Stimulating GDP growth

Stimulating GDP growth

After global agencies like International Monetary Fund (IMF) and ratings firms, the Reserve Bank of India also cut the country's growth forecast for FY20.

After global agencies like International Monetary Fund (IMF) and ratings firms, the Reserve Bank of India also cut the country's growth forecast for FY20.

In its last week's monetary policy announcement, the apex bank reduced the projected GDP growth rate for the financial year 2019-20 to 6.9 per cent from its earlier estimate of seven per cent.

RBI reduced key repo rate four times in a row, with first rate cut coming in February this year and the latest one - an unconventional 0.35 per cent - last week.

But macroeconomic indicators reveal that growth did not pick up much after GDP growth hit a five-year low of 5.8 per cent during January-March 2019 period, the last quarter of last financial year.

For instance, industrial output growth tapered off to 3.6 per cent in April-June 2019, the first quarter, from 5.1 per cent in the same period a year ago.

This was primarily because key sectors like manufacturing, mining and capital goods performed below par- a worrying signal for any government.

In this backdrop, Finance Minister Nirmala Sitharaman's series of meetings with the captains of industry and industry associations held last week assume significance.

India Inc was unanimous in seeking a stimulus package of Rs 1 lakh crore to put the country's economy on higher growth track. There were sector-specific and industry-specific demands as well.

MSME sector wanted more, faster loans for it while real estate sector sought a stress fund of Rs 10,000 crore to revive stalled realty projects across the country.

NBFC liquidity crisis and tax rationalization were also highlighted by it. Sitharaman also met representatives of foreign portfolio investors (FPIs) which were seeking roll-back of surcharge on super-rich slapped in the recent Union Budget.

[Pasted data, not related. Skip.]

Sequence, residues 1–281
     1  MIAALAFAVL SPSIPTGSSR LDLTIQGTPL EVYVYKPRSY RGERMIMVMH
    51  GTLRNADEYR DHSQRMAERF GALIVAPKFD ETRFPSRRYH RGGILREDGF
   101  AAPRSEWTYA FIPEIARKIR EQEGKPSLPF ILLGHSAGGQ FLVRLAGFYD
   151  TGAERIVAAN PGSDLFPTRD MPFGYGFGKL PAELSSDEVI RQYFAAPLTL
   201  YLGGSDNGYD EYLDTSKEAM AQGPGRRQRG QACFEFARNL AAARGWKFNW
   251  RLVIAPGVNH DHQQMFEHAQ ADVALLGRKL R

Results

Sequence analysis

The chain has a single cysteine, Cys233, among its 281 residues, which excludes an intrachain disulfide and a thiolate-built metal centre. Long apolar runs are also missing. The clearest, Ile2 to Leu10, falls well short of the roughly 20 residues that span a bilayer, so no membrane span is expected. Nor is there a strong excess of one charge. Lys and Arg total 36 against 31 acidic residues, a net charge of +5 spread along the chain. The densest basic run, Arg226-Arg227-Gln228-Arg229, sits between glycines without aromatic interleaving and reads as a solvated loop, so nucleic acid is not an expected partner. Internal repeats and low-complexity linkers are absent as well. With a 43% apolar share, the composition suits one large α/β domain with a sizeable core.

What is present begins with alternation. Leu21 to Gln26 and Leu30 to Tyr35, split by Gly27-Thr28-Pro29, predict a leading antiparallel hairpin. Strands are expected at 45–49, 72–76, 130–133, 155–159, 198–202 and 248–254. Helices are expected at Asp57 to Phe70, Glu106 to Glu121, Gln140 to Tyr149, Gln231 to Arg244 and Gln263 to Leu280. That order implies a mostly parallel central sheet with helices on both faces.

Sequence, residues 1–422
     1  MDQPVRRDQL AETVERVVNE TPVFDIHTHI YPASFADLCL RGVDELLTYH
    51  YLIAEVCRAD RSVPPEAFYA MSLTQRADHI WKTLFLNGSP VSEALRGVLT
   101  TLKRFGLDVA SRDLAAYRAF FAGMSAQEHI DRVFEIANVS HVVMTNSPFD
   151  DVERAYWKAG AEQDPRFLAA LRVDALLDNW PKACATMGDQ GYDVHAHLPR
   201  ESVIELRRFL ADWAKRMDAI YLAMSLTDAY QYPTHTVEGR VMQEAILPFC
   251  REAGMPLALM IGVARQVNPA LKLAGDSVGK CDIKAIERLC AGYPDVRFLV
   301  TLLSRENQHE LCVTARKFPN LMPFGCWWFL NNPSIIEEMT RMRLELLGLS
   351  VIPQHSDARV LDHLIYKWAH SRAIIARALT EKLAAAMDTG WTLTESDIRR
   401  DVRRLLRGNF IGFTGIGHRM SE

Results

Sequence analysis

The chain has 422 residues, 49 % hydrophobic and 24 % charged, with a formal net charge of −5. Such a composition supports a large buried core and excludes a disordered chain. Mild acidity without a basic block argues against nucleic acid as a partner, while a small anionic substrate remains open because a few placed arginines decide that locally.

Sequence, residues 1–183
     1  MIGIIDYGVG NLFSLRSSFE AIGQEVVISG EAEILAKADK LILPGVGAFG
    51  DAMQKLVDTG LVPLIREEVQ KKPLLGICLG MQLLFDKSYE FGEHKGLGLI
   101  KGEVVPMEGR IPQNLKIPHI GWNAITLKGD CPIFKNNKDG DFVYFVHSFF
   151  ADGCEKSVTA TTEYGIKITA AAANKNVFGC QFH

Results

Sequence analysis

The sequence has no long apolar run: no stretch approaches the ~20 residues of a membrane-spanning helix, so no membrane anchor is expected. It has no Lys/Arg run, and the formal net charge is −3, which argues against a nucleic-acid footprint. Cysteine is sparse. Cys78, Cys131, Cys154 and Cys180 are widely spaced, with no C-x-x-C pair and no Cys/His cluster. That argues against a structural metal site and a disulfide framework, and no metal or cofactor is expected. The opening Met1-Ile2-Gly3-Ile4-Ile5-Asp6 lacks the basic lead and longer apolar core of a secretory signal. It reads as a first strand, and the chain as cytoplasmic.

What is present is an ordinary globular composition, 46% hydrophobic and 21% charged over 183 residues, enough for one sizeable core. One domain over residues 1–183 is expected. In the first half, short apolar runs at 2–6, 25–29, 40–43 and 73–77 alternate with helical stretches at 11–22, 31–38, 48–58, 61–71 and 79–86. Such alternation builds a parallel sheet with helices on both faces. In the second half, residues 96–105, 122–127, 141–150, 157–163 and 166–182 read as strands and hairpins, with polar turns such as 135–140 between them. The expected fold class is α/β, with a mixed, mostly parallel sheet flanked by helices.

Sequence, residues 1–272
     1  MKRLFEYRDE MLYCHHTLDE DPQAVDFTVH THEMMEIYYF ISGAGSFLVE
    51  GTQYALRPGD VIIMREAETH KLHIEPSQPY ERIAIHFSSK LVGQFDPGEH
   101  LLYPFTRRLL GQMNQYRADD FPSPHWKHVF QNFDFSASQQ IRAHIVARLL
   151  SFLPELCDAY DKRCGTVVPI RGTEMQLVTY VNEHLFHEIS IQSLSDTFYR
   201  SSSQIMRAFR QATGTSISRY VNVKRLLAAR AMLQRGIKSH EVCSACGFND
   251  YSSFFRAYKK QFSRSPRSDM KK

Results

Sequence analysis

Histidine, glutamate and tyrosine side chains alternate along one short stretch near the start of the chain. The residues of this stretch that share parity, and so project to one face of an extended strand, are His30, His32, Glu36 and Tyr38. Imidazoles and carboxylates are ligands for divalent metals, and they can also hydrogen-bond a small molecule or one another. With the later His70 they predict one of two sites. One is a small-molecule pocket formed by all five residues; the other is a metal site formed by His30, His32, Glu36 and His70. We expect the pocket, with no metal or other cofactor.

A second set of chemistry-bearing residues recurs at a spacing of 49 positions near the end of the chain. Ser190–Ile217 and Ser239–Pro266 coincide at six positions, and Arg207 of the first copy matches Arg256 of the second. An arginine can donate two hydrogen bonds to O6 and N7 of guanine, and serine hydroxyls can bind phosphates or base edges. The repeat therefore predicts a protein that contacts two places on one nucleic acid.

This surcharge is perceived as a threat to the margins of foreign investors. The result. Indian stock markets have been on downward spiral post the Budget, as FPIs pulled out investments.

During these interactions, the Finance Minister did not make any commitments, but listened to whatever industry told her.

However, with consumption levels in negative territory in the country and likely slowdown in major economics, there is no option for the government except coming out with sops to spur economic growth.

With the Narendra Modi government setting a target to take economy to $5 trillion mark by 2025, a double-digit GDP growth is imperative, year after year. RBI's projection of 6.9 per cent economic growth for current fiscal is not enough.

But if we go by the projections of Japanese brokerage firm Nomura, India's GDP is likely to clock just 5.7 per cent upswing in April-June 2019 period. That is a lot lower than what RBI has forecasted.

Such bleak projections have made some believe that Indian economy is already in recession. Drastic slowdown in key sectors like automobiles also points to recessionary tendencies.

Latest reports indicate that over 15,000 people went jobless in auto sector so far.

The trillion-rupee question is whether the Modi government will come out with adequate package to stimulate economy. If not, industry will face a touch challenge. So are also the people.

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